My manager blows hot and cold. One moment he’s your best friend, the next he’s literally screaming at people. So far I’ve not been targeted but I’m new to the group and I’m sure he’ll turn on me soon. Any advice? J.D., New York, NY
Good for you that you’re proactively planning how you’ll respond. Before I address potential responses, take a look at the company as a whole.
Is his behavior the norm? If so, be aware that your ability to affect change will be limited. If it’s unusual, think about what type of value he’s providing to the company. Does he bring in a lot of revenue or handle the biggest clients? Is he best friends with his boss? Why do you think they are ignoring abusive behavior? If the company has allowed this behavior, at some level it is working for them.
Then identify what you want out of this assignment. Are you in his group because you want exposure to a certain assignment, to learn a new skill, or for higher visibility? You need to know because you’re going to have to figure out the cost/benefit to dealing with his behavior. How much are you willing to put up with?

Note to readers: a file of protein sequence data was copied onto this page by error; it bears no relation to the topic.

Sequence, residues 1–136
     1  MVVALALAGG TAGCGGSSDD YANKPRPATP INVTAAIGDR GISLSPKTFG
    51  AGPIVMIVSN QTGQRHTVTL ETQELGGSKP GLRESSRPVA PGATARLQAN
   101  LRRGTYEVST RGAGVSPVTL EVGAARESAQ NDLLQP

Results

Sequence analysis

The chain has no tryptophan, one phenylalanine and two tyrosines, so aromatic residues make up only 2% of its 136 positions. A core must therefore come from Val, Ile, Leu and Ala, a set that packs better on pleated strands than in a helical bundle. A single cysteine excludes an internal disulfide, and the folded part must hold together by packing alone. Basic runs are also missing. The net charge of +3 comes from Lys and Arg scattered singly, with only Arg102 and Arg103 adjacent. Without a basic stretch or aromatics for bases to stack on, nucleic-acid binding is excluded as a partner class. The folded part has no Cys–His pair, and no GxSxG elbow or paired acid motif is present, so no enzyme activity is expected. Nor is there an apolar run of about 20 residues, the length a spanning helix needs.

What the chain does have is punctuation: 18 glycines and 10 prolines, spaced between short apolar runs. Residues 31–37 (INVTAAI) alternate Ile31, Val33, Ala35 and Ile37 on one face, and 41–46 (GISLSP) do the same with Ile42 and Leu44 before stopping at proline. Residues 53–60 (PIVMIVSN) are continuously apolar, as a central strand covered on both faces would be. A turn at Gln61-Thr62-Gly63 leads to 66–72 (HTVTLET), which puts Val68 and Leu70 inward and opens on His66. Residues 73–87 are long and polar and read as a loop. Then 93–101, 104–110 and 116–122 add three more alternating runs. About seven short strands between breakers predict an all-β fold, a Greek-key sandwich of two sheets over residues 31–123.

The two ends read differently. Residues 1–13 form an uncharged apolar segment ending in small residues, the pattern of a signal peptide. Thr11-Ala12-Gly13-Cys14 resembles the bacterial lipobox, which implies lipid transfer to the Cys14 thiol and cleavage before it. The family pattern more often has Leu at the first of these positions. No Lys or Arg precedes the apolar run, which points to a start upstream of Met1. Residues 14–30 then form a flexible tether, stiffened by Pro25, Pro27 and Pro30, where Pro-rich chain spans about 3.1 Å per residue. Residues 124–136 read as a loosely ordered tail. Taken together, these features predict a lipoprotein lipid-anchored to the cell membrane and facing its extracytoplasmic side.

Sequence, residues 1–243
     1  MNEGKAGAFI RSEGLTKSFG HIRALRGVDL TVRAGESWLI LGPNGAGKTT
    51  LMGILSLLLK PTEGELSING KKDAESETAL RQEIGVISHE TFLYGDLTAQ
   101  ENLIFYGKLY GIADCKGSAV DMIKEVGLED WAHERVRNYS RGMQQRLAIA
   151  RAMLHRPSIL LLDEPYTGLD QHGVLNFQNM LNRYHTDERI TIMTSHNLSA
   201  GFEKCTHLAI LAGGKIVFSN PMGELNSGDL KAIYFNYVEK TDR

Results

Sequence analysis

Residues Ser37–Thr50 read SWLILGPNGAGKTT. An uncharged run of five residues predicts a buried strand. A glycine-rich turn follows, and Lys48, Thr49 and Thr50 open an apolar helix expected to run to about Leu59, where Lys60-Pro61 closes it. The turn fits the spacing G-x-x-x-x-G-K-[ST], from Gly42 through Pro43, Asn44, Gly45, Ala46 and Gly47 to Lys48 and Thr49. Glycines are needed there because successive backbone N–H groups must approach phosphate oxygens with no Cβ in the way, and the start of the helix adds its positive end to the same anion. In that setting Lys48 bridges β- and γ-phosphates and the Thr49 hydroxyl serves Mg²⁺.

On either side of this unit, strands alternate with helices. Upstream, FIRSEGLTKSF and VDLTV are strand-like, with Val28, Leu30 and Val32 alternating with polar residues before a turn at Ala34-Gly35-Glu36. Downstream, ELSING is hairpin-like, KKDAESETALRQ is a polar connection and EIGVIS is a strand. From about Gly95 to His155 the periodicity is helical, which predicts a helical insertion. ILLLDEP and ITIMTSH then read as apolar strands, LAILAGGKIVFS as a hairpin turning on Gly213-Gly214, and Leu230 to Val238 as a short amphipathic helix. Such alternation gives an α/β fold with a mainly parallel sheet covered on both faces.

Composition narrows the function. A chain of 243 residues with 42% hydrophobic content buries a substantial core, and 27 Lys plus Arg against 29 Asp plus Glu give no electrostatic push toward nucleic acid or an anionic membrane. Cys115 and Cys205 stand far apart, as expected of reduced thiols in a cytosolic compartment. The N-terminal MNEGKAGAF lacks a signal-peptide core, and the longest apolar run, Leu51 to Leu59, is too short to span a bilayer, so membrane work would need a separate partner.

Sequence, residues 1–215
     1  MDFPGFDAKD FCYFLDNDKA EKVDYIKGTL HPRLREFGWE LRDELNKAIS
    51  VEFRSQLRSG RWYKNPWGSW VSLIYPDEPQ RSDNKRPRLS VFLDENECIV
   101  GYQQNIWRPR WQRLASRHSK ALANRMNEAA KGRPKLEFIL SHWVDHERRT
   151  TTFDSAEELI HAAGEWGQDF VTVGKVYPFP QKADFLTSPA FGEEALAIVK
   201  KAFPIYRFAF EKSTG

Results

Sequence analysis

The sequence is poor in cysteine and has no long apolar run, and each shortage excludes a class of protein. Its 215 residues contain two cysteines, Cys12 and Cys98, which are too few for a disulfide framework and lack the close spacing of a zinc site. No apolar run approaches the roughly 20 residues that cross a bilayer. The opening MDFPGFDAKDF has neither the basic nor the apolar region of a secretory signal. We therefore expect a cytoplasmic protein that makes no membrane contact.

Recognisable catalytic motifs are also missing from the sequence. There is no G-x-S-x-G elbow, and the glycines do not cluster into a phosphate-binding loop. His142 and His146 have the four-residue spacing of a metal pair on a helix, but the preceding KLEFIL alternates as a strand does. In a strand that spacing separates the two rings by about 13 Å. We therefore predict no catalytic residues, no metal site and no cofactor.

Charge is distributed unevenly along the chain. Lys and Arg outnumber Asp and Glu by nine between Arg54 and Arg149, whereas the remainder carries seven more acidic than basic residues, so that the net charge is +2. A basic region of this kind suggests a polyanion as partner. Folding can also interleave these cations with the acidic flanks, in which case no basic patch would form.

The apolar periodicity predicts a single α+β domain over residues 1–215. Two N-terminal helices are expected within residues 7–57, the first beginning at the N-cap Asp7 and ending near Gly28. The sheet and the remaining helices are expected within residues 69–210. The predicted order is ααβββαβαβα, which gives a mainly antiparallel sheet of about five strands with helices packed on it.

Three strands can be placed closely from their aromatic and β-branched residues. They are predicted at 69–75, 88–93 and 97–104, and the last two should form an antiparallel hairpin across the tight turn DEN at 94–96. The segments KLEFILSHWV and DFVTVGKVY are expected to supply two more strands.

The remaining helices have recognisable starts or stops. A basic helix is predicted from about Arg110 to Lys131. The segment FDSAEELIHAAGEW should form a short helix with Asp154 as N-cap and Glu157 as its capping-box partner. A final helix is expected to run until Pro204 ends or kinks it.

Answering these questions will help you determine your long-term strategy. If you’ve gotten what you wanted from working with him, it’s time to move on. If not, as long as you believe the value outweighs the cost, try to minimize the impact of his behavior on you/your mindset.
In the short term, craft a response you can use when he “turns” on you. If he’s in the middle of a rant, don’t even attempt to reason with him. He’s in the grip of a chemical cocktail (adrenaline, etc.) that doesn’t allow him to access the thinking part of his brain. He’s reacting. You want to communicate that you hear him and you’ll take action, and then get out of his presence as soon as you can. It could sound something like this: “Joe, I understand you’re upset and I would never intentionally do anything to upset you. I’ll go look into it and get answers for you.” The more you do this, the less his emotional outbursts will rattle you.